Sundance Institute Nurtures "Indie" Films
Independent films - originally conceived as an alternative to Hollywood's big-budget blockbusters - are now so successful they've even been adopted by Tinseltown's major studios. In large part, moviegoers have the Sundance Institute to thank for the increasing variety of their cinematic options.
The Sundance Institute was begun in 1979 by renowned actor Robert Redford, who gathered a group of colleagues and friends in Utah to discuss new ways to enhance the artistic vitality of American film. The result was the Sundance Institute, dedicated to the support and development of emerging screenwriters and directors and to the national and international exhibition of new, independent dramatic and documentary films. In addition to sponsoring the annual Sundance Film Festival, the Sundance Institute offers artistic development programs in documentary film, feature film, film music, and theater.
Sundance has transformed the movie industry by bringing to public view a much wider range of artistic vision, voice and expression. By creating unprecedented partnerships between established filmmakers and emerging talents, the institute has powerfully impacted the creation of new film markets. The Arts Endowment has supported the institute since its initial four-week workshop and seminar for independent filmmakers held in 1981.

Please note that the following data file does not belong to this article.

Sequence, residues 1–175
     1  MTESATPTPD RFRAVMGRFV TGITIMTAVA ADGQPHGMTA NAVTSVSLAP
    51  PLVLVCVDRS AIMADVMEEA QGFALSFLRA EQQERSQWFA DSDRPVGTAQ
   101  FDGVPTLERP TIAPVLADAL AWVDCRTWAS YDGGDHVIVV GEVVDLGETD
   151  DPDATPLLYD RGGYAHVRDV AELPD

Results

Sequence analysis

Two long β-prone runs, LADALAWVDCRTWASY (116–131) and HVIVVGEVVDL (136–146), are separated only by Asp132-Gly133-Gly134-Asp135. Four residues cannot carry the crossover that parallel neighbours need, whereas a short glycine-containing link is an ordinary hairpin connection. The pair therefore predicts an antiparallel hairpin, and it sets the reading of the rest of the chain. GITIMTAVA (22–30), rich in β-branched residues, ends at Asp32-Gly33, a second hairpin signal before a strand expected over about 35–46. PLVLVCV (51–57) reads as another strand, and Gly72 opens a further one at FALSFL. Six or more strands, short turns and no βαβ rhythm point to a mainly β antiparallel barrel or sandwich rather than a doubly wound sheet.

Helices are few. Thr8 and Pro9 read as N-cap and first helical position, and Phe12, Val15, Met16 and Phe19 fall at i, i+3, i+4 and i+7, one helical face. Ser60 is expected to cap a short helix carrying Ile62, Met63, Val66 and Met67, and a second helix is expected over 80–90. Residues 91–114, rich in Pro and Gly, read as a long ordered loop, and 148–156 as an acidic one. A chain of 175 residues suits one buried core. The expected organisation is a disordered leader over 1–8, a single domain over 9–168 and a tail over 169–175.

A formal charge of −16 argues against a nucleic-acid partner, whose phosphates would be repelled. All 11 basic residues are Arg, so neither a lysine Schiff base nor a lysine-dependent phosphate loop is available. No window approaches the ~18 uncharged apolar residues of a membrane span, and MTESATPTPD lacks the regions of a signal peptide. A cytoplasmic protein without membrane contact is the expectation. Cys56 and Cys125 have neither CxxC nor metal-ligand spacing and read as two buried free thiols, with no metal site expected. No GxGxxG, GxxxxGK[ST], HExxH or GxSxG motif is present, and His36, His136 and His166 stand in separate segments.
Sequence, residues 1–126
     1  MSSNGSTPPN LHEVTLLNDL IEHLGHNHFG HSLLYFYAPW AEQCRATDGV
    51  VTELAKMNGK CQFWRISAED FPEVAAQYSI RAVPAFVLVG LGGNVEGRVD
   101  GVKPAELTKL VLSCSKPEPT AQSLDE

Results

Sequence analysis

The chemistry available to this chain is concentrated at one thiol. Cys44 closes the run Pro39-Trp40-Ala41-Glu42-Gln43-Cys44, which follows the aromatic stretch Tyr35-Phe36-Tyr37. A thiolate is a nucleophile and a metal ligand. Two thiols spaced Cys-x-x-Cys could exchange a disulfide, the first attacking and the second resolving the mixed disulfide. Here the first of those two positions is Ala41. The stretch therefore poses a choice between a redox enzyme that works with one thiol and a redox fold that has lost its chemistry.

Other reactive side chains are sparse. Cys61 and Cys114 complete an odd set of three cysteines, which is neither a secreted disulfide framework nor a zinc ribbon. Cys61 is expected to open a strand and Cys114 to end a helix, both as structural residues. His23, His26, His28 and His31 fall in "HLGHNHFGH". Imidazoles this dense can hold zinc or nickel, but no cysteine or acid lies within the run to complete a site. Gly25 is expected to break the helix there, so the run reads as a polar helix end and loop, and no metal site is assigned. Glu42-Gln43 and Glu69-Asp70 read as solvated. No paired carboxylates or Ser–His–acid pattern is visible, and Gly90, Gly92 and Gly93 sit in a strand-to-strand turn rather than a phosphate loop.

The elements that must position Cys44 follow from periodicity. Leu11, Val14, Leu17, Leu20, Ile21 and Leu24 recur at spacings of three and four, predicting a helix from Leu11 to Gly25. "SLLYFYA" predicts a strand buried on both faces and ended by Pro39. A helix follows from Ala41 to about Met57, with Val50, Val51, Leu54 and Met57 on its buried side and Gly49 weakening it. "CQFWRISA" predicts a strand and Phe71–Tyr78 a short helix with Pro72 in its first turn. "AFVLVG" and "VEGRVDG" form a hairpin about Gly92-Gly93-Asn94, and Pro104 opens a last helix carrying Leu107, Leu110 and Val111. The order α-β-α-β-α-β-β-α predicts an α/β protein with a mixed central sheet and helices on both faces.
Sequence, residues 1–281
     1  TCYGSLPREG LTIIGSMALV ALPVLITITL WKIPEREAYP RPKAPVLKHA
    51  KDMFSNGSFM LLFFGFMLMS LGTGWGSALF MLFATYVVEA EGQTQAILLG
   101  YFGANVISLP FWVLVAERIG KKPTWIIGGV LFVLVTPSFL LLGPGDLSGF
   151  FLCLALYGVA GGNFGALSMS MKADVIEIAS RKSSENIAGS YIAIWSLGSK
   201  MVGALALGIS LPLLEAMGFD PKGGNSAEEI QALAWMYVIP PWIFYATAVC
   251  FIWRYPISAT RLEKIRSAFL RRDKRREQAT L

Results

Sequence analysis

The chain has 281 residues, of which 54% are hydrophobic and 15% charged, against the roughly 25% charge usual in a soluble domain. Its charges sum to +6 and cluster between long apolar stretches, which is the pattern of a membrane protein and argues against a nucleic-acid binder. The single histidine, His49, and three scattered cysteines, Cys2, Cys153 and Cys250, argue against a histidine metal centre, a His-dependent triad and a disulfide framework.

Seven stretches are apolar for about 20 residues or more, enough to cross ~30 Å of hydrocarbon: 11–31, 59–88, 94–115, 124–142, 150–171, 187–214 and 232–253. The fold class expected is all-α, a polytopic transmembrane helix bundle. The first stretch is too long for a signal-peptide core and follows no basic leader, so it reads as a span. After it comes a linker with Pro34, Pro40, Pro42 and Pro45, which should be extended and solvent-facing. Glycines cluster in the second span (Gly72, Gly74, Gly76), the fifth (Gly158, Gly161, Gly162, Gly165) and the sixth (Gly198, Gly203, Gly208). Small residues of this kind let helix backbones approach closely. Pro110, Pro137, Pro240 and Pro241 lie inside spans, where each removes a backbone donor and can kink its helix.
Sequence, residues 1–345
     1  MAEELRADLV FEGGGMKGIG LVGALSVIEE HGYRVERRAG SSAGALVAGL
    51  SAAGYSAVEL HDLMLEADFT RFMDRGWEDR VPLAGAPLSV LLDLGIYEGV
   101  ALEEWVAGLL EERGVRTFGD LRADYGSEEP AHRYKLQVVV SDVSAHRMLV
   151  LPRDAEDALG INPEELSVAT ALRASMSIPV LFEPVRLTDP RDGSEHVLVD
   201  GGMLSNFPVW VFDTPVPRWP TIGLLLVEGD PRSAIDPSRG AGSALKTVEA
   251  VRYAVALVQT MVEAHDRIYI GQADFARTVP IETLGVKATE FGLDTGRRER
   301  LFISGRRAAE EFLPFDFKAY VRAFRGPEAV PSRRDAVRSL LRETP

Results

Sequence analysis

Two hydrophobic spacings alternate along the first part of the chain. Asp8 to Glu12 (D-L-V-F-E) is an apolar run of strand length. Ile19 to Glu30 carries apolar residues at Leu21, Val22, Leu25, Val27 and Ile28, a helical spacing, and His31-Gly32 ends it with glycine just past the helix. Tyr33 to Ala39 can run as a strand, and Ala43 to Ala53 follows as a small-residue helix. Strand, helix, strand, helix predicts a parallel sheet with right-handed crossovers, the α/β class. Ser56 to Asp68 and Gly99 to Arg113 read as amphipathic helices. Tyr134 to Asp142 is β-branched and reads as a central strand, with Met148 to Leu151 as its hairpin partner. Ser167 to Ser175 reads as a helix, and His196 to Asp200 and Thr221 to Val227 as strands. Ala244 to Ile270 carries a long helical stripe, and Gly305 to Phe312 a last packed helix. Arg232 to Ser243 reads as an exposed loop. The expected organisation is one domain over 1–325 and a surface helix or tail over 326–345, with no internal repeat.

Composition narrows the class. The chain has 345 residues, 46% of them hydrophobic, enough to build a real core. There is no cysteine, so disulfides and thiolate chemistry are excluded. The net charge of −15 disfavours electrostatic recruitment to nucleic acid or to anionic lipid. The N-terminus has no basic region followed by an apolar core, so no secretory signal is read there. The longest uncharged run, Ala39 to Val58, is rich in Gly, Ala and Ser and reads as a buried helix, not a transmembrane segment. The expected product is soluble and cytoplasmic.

"Our very beginning was due in large part to the support of the NEA," Redford recalls. "The Arts Endowment has played a key role in encouraging organizations like the Sundance Institute to grow and expand its influence, not only through financial support, but, more significantly, through consistently articulating the importance of the arts and the artist in our society. It's hard to imagine the arts in this country without the NEA as a rallying point, a promoter of independent thinking artists, and a symbol of what we hope to be."
Many past participants of the institute's feature film program have gone on to produce critically-acclaimed works. These include Quentin Tarantino, who made Reservoir Dogs; Paul T. Anderson, creator of Hard Eight; and Kimberly Peirce, whose film Boys Don't Cry won both an Academy Award and a Golden Globe. They, in turn, return often to the labs in a mentoring capacity, to provide creative support to new filmmakers. The artists and films supported by the Sundance Institute are the recipients of numerous Oscar, Emmy and international film festival awards.
The Sundance Institute has been a strong supporter of documentary filmmaking as well, screening such Academy Award-winning films as Born into Brothels, The Times of Harvey Milk, American Dream, and Hoop Dreams at the festival.